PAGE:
8. This is so despicable. I truly cannot understand how some people, such as Karen, don’t seem to even consider that this man was a human being, helping his fellow man. Add to that he is an AMERICAN, which, again, these nitwits can’t seem to understand.

    It’s not some “stealth jihad” as Fox would have you believe, it’s just Americans trying to live their lives.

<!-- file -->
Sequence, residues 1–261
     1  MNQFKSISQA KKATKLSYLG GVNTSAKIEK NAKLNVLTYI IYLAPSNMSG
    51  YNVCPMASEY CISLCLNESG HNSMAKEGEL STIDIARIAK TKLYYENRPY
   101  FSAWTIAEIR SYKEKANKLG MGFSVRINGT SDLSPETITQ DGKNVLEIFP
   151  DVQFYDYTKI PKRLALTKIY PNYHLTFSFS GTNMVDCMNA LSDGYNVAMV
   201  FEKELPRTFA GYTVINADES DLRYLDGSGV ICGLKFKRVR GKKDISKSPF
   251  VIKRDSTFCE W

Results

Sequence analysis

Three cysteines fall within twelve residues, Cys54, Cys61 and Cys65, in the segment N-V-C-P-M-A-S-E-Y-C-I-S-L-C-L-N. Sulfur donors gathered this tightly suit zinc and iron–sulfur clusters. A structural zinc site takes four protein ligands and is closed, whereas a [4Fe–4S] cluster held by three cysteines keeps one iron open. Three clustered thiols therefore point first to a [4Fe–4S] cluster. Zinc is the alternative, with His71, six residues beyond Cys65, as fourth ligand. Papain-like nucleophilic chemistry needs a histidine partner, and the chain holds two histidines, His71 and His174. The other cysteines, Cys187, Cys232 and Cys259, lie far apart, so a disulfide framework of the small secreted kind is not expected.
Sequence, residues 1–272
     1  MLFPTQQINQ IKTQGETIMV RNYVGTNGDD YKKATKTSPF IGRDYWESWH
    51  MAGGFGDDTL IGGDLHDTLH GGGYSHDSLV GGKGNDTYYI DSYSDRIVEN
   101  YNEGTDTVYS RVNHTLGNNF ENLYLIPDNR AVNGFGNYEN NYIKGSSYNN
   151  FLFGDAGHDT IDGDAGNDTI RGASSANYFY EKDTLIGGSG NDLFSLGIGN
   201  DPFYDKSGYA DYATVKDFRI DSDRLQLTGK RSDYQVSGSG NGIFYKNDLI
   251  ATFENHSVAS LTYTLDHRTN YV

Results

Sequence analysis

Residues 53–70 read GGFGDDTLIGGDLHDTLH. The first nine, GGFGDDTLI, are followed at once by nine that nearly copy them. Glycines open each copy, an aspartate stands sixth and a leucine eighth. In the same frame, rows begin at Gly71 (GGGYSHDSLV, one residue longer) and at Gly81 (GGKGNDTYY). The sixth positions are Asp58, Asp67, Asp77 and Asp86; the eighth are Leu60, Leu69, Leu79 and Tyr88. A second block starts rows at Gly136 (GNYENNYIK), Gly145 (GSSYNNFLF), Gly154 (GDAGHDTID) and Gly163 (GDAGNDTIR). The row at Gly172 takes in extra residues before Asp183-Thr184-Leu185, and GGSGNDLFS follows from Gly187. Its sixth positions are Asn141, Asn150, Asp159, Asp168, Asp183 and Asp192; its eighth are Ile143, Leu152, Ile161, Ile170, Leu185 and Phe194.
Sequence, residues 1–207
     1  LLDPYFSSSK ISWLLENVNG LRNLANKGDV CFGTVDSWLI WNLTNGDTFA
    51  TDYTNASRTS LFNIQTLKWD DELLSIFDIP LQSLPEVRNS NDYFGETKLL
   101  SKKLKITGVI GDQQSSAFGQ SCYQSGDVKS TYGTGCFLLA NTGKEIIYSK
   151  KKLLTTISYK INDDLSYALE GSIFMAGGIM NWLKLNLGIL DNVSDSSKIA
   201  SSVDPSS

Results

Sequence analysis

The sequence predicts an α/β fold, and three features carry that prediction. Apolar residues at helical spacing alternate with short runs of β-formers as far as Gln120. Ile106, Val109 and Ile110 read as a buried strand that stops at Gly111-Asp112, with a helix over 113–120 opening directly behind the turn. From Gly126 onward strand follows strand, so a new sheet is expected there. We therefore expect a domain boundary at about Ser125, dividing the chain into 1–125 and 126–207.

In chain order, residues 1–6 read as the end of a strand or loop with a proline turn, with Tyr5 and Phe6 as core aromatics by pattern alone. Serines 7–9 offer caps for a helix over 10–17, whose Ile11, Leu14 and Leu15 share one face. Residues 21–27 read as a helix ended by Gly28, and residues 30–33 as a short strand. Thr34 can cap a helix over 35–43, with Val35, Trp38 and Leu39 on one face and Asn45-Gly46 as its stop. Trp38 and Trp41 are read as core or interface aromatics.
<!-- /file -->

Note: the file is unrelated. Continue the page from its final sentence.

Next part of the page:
9. This is truly an expample of ‘Islamophobia’. Mr. Hamdani is truly an American hero. I aslo believe that there had to have been countless other muslim heros on Septmember 11th. Their acts and accomplishments will quite likely never be known. The sad part of this is that the attacks themselves were part of a holy war against a nation of many cultures and religions; that for better or worse, get along to a great extent. The philosophy of the attackers was done in the name of Allah as they chose to ‘use it’. I personally reject any notion that the ‘Allah’ they died for is the same one that Hamdani risked and lost his life for. The real tradgedy is that western intelectuals can’t restrain themselves from proclaiming their superior knowledge and understanding beyond those masses that have responded on an emotional level of fear and anger to all muslims. If Islam expects to be treated impartially, it must also be prepared to distinguish themselves from those who twist their religion into a justification for murder. They behaved as maniacs, driven to murder thousands of people, regardless of their relationship with Allah or whatever god they served. But they used the name “Allah” to do so. They are the ones to curse. There must be a level of patience to allow for the social and emotional education of those who are still suffering from the scars ripped into their psyche; just as true believing muslims must also be patient through the healing process.